The Commission clarifies that no distinction should be drawn between decisions that relate to the effect of a concentration on competition at the level of the European Economic Area or within any of the remaining 27 Member States, and Commission decisions that relate to the effect of a concentration in UK national or subnational markets. Such interpretation is based on the fact that, at the time of taking the decision, the Commission does have jurisdiction and, consequently, is obliged to seek a remedy to address a competition concerns in the United Kingdom, while the UK national competition authority did not have jurisdiction to do so.
For sure this notice does not represent a final resolution to the “no deal” matter, but just a further step into a new – and, presumably, tough – era. European Commission declares itself ready to provide citizens and companies with its services, in order to solve all the individual issues.
2S. Castle and S. Erlanger, “E.U. Approves Brexit Extension, but Chaotic Departure Still Looms” Mar. 21, 2019 www.nytimes.com/2019/03/21/world/europe/brexit-extension-eu-uk.html
3“What would a no-deal Brexit mean for trade?” Feb. 15, 2019 www.economist.com/britain/2019/02/15/what-would-a-no-deal-brexit-mean-for-trade
4B. Romano, “Brexit, così l’Europa si prepara al sempre più probabile no deal” Mar. 25, 2019 www.ilsole24ore.com/art/mondo/2019-03-25/brexit-cosi-l-europa-si-prepara-scenario-no-deal-161246.shtml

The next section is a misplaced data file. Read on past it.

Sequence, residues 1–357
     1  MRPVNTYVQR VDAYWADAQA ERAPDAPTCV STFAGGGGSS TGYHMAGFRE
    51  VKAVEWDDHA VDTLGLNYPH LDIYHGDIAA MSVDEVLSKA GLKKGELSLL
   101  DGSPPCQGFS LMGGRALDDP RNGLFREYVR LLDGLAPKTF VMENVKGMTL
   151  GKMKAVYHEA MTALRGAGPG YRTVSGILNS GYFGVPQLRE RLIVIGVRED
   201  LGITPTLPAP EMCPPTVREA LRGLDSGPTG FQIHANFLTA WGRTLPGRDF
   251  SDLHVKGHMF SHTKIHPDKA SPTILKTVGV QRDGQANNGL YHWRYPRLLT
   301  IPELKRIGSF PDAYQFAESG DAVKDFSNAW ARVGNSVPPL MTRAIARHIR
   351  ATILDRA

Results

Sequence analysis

5J. Lis, “The 8th of December 2017: The day hard Brexit died” Dec. 8, 2017 www.prospectmagazine.co.uk/politics/8th-december-2017-the-day-hard-brexit-died
7Joined cases C-89/85, C-104/85, C-114/85, C-116/85, C-117/85 and C-125/85 to C-129/85, Ahlström Osakeyhtiö and Others v Commission, 89/85, 104/85, 114/85, 116/85, 117/85 and 125/85 to 129/85
8 Council Regulation (EC) No 139/2004 of 20 January 2004 on the control of concentrations between undertakings, Official Journal
9 M. Di Domenico, “Le conseguenze della Brexit sullo scenario economico”, Dec. 1, 2018, www.iusinitinere.it/le-conseguenze-della-brexit-sullo-scenario-economico-15763
Nato a Genova nel 1992, si laurea in Giurisprudenza nel 2017 con una tesi in diritto internazionale. Da sempre amante di cinema, sport, musica ed attualità politico-economica, durante il praticantato sviluppa un forte interesse per la tecnologia e l’informatica giuridica. Ha conseguito nel 2020 il master LL.M. in Law of Internet Technology presso l’Università Luigi Bocconi, incentrato principalmente su proprietà intellettuale, protezione dei dati personali e diritto della concorrenza nel mondo digitale. Attualmente lavora presso lo European Patent Office, dove si occupa principalmente di brevetti, industrial design, intelligenza artificiale e strategie legate alla proprietà industriale.